In times past, I've taken my 9-year-old iguana rescue for walks around the property. Fafnir is not a fan of the cat harness, and when she's not frantically climbing trees trying to get out of it, she's performing alligator death rolls. I've really wanted to make exercising pleasurable for her, but using the cat leash didn't seem to be the way.
So this year I did what every mother reluctantly has to. I decided I loved Fafnir enough to set her free.
I found her in the sunroom near her roomy, 6-foot-high cage. I smiled, imagining how she must have been trundling around the backyard and accidentally hit the flap of the doggie door and found her way inside.
The next day I put her outside again. She played, slept, swam, had a picnic lunch, then came back inside through the doggie door when she was done.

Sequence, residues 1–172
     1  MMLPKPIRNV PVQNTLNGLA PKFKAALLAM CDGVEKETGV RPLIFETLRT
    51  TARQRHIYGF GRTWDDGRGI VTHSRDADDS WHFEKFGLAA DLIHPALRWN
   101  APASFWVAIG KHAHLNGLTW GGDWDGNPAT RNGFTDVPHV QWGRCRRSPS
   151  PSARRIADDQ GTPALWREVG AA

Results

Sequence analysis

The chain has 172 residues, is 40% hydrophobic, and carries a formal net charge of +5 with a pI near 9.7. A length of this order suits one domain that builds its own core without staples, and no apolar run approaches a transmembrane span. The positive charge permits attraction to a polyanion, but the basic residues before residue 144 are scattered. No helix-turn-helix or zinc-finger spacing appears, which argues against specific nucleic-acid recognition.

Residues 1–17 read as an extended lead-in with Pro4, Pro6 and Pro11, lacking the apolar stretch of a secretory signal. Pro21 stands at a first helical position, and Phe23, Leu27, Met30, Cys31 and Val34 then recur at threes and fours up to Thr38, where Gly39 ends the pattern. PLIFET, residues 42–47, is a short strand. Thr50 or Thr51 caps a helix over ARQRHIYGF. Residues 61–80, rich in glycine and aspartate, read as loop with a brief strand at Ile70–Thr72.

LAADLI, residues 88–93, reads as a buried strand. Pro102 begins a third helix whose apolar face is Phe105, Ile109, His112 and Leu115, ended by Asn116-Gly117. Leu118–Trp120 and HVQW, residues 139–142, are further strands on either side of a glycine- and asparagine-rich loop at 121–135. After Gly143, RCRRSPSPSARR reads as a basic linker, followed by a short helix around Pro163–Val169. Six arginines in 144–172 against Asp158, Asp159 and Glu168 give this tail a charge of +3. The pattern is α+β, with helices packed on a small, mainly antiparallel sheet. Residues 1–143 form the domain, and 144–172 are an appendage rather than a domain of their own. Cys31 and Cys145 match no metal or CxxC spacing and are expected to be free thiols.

In her cage, from her basking shelf, she had watched the dogs and cats come and go through that door every day for six years. I didn't have to teach her how to use the door or what it was for (heck, I never even thought to try to teach her). She had learned on her own.
For nearly two months now, Fafnir has been coming and going, spending time out with the ducks then coming in and hanging out in the sunroom. All on her own terms. I set her free; she returned because she wanted to.
I regret now that I didn't give Fafnir enough credit long ago. I regret that I didn't recognize that lizard brain of hers is a pretty miraculous tool. Most of all, I regret that I assumed trust was something reserved only for those animals in whom the blood runs warm.
Who knew a wise old lizard could have so much to teach?